One of the men then went back into the reception area and took an undisclosed amount of cash from a desk.

    The men fled and no arrests have been made.

    Otto Olivier from Plett Security said his team responded to the armed robbery alarm.

    He said the robbers made off towards Kwanokuthula, and although security personnel patrolled the area, it was “to no avail as the thick bush area made it virtually impossible to spot anyone”.

    Olivier applauded the principal and staff for their handling of the situation.

    Cape Argus

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    Jermaine Taylor, 6, was supposed to join his friends for the first day of school. Instead he spent the day in hospital.


    Cape Town - Instead of joining his friends for the first day of school on Wednesday, six-year-old Jermaine Taylor spent the day in hospital after being shot in the arm.

    Jermaine was walking outside the gates of Matroos Holy Trinity RC Primary School in Elsies River when a gunman opened fire.

    He and another boy, aged 17, were hit in what police describe as a “gang-related” shooting.

    A few hours later, Jerome Taylor, Jermaine’s father, spoke to the Cape Argus from Tygerberg Hospital. His son, still wearing a bloodied school shirt, had just been discharged, with his left arm in a cast and his right hand in a bandage.

    Taylor’s shirt was also bloodied from having carried his son after the shooting. He recalls seeing the gunman shooting “wildly” and hearing about seven shots.

    “I thank God that the injuries weren’t more serious,” he said.

    “After the shots I heard screaming. It was my son and he was shouting ‘Eina! Eina!’ Then I saw the blood. As I ran up to him I honestly did not know what to expect. I knew the bullet had hit him, but I did not know where.”

    Taylor carried his son to the school’s reception area where a teacher administered first aid. A short while later, an ambulance took the boy to hospital.

    Deputy principal Jerome Pillay said the school community was traumatised by the shooting – the second to be witnessed by staff since the beginning of the week.

    On Monday, alleged gangsters were involved in a shoot-out on an open field near the school.

    Education Department spokeswoman Bronagh Casey said that psychologists and the Safe Schools division had been dispatched to the school to assist with counselling and security arrangements. Police would also be at the school on Thursday.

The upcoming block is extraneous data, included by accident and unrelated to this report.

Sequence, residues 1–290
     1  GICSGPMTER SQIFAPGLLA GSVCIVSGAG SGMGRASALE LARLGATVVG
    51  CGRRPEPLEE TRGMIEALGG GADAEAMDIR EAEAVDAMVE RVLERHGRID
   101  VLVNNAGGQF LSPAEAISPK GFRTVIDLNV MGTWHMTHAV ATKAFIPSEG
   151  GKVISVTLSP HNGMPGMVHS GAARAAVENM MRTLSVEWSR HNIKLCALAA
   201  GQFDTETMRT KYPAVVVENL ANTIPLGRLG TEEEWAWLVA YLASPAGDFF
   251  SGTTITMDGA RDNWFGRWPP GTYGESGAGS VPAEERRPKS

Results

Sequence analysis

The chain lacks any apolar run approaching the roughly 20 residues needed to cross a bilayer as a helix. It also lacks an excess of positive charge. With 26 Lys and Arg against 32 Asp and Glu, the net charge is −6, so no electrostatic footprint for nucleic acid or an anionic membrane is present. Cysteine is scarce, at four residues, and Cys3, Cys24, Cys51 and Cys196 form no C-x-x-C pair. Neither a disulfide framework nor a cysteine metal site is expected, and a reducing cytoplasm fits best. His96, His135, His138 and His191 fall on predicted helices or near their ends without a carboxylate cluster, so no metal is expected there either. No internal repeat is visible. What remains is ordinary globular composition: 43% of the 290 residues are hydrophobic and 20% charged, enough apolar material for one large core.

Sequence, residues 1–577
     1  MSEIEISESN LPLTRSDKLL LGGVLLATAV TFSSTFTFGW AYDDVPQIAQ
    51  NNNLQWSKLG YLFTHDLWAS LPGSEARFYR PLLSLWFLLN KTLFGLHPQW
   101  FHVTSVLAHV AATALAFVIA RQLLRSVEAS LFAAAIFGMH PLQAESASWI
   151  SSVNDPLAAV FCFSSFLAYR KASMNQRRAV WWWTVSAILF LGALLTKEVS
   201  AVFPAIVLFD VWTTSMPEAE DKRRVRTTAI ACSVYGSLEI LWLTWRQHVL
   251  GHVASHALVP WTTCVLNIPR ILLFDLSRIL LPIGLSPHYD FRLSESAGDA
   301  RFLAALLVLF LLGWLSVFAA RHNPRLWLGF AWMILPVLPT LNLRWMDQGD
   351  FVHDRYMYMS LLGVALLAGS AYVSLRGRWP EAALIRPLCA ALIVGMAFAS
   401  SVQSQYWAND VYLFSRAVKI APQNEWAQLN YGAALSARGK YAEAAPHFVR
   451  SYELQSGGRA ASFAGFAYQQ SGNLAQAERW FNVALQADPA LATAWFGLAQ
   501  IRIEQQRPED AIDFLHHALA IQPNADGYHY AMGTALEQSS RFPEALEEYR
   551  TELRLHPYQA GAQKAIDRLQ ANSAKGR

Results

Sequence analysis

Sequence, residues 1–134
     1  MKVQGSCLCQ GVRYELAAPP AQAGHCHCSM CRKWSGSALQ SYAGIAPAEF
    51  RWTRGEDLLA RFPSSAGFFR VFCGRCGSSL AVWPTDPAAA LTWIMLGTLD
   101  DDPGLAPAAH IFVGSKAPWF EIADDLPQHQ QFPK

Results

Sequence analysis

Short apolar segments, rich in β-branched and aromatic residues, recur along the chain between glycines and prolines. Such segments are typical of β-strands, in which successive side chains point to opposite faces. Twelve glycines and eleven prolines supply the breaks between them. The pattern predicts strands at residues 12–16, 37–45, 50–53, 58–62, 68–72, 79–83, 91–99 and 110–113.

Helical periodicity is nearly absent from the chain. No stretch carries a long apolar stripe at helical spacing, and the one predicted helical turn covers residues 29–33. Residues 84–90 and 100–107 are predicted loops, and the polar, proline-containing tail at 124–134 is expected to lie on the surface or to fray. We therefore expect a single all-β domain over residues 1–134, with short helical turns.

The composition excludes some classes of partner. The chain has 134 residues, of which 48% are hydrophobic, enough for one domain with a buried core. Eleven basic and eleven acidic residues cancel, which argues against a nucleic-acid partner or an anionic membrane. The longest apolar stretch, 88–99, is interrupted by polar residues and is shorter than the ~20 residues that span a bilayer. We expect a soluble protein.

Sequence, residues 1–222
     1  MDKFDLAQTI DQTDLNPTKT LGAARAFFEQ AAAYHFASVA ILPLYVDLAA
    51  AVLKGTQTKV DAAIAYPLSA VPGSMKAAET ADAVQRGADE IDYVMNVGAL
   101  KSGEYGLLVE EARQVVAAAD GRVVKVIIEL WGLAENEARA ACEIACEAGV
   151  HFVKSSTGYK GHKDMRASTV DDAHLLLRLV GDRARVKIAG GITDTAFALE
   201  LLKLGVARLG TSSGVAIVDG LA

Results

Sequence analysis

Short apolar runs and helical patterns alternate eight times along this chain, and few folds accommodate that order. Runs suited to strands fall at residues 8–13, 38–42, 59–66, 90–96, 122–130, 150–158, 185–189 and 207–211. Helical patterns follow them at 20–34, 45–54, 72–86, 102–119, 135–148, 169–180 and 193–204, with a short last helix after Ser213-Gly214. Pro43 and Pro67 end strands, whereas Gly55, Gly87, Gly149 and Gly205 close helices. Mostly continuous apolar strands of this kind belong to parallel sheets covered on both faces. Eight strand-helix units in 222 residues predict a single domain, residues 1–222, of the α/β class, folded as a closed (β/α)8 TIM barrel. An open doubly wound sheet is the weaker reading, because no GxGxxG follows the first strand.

Renecia Piekaan, Jermaine’s Grade R teacher last year, described him as a gentle, sensitive and clever boy.

    “He likes drumming and plays in the church band,” his father said. “He also loves soccer and going to school.”

    But Taylor is afraid that his son might not want to return to school because of the trauma of the shooting. He bemoaned the escalation of gang fighting in Elsies River and called on the government to support community structures that were trying to broker peace.

    “What has become of a community when our children cannot walk safely to school?” he asked.

    “There are so many bullets flying around that we no longer know where to duck with our heads. Today, it was my child. Tomorrow, it will be someone else’s.”

    Police have arrested a 27-year-old Ravensmead man for the shooting. He is due to appear in court on Thursday.

    Cape Argus

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    A St George’s Grammar School teacher was robbed and then struck with an object that resembled a firearm in the computer lab.


    Cape Town - A St George’s Grammar School teacher was threatened and robbed in a school computer lab on Wednesday as pupils and parents arrived for the first day of the school year.

    Principal Julian Cameron, who declined to identify the teacher beyond saying she was a specialist primary teacher, said the man struck her a sharp blow on the head with an object that resembled a firearm, and fled with some of her personal possessions. The teacher was left bleeding in the lab.